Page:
Privacy and data law firm practitioners said the January 26 attack on the U.S. Sentencing Commission’s website fit with a pattern of assaults intended on shaming the government by conveying political messages in part through exposing embarrassing weaknesses in federal cyber defenses.

The “hacktivist” group Anonymous claimed responsibility for hacking and defacing the commission’s website, and threatening to release sensitive information unless federal sentencing guidelines were reformed.

Anonymous said it hacked the website in retaliation for the death of Aaron Swartz, the 26-year-old entrepreneur and political activist who killed himself earlier this month. The group said it hacked the commission’s website because of its “symbolic” relation to the case.

If convicted, Swartz faced a maximum sentence of more than 30 years, although prosecutors offered him a deal that would have kept him behind bars for six months. In addition to a statement, Anonymous posted nine encrypted files, named after each of the Supreme Court justices, which allegedly contain sensitive information from numerous websites.

Anonymous did not provide detail about what’s in the files, but did say that its “contents are various and we won’t ruin the speculation by revealing them. Suffice it to say, everyone has secrets, and some things are not meant to be public. At a regular interval commencing today, we will choose one media outlet and supply them with heavily redacted partial contents of the file.”

Privacy and data law firm practitioners said the attack was part of a growing issue for government agencies.

“It’s a psychological ploy,” said Mary Ellen Callahan, chair of Jenner & Block’s privacy and information governance practice and former chief privacy officer at the Department of Homeland Security. “Anonymous uses embarrassment to convey their political message, and they do so quite effectively.”

Callahan said that the Sentencing Commission’s site might have been an easier target than other agency sites like the Department of Justice because it serves as a billboard site that provides public information. “Regardless of the vehicle Anonymous uses, it’s about publicity and topics important to them, like sentencing guidelines,” she said.

David Fagan, a partner with Covington & Burling, said in an interview that it’s often difficult to identify the perpetrators because of the loose affiliation of the group and the varying levels they utilize to conceal their tracks.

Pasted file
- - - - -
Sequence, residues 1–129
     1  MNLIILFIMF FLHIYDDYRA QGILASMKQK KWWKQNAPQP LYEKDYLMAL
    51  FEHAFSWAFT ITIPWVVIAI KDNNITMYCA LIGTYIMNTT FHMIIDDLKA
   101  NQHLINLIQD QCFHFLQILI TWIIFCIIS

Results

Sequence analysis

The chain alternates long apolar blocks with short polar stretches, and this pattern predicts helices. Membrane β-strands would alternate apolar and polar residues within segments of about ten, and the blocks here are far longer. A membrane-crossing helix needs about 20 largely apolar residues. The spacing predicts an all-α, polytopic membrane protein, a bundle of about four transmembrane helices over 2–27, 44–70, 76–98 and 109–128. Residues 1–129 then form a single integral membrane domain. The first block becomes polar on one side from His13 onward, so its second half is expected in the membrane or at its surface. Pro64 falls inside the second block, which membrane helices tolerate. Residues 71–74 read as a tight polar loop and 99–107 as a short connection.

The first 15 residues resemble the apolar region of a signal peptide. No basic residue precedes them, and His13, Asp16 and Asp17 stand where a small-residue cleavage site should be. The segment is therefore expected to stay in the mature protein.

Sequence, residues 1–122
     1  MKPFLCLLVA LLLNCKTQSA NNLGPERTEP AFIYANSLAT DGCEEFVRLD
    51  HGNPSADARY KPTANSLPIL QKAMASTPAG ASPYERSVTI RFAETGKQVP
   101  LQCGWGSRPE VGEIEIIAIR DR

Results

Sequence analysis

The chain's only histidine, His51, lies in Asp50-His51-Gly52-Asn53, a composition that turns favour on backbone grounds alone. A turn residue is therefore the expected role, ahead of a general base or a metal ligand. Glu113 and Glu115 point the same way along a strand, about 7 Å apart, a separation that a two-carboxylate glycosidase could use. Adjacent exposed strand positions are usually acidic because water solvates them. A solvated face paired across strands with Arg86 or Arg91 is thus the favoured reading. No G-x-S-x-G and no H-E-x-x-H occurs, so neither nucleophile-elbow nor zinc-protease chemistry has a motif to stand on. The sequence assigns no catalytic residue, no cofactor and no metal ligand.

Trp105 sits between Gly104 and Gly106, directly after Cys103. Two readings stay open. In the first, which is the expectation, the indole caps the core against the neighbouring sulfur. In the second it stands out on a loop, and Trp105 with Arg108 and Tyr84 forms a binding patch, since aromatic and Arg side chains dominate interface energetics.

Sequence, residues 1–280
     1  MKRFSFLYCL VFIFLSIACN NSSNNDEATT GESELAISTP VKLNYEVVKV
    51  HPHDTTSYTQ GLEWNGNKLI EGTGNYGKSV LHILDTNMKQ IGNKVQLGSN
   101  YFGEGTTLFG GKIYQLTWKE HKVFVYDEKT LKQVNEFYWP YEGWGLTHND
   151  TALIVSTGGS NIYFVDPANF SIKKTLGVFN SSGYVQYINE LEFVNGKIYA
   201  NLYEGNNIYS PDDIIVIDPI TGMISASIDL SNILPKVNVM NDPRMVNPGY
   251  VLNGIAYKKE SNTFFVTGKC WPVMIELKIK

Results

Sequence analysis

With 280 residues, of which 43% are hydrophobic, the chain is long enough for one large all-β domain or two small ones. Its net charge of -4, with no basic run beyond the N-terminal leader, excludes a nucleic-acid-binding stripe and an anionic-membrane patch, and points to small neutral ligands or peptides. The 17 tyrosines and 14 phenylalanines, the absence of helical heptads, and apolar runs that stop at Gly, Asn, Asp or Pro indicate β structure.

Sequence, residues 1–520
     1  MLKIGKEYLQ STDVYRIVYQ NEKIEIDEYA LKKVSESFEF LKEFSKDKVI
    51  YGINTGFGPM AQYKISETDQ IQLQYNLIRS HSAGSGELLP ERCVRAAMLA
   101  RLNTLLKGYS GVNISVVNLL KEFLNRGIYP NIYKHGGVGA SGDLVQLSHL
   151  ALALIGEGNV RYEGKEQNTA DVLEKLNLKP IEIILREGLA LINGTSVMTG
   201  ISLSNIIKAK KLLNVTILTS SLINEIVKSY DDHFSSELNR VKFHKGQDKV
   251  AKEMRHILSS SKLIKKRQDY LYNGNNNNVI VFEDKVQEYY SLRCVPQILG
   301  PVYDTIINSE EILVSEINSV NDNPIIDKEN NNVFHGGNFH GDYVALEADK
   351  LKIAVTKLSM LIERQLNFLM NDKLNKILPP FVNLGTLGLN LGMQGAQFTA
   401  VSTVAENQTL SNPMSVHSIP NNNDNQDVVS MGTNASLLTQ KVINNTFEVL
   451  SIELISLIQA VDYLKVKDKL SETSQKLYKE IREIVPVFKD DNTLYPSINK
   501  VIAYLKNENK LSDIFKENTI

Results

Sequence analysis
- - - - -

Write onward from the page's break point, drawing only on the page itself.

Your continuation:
“Tracking cyber criminals is not easy,” said Fagan, who works with Covington’s global privacy and data security practice. “If it were easy, there would be many more prosecutions. U.S. law enforcement are pretty sophisticated but a lot of their ability to detect who is doing something depends on how sophisticated the perpetrators are and how clever they are at covering their tracks.”

Crowell & Moring partner David Bodenheimer said that the latest attack differed from last year’s assault on the Department of Justice website, in that it was “not simply a denial of service, but resulted in a compromise to the integrity of the website.”

The commission’s site remained down as of Monday afternoon. Commission spokeswoman Jeanne Doherty said she was unsure when the site would be up and running. The commission and the FBI acknowledged the attack in written statements. Neither provided many details.

“We were aware as soon as it happened and are handling it as a criminal investigation,” Richard McFeely, executive assistant director of the criminal, cyber, response, and services branch of the FBI, said in a written statement. “We are always concerned when someone illegally accesses another person’s or government agency’s network.”

Bodenheimer said that the government shouldn’t write off Anonymous’ threat as empty, given the increasing number of cyber attacks being waged. “It’s all part of a Wild West on the Internet as the attacks are coming from multiple directions, nation states, hacktivists and organized crime syndicates,” he said. “Some of the damage that can be done range from minor to taking over a power grid. It all combines to illustrate the vulnerability of the systems and how far we need to go in hardening cyber defenses.”

Contact Matthew Huisman at mhuisman@alm.com.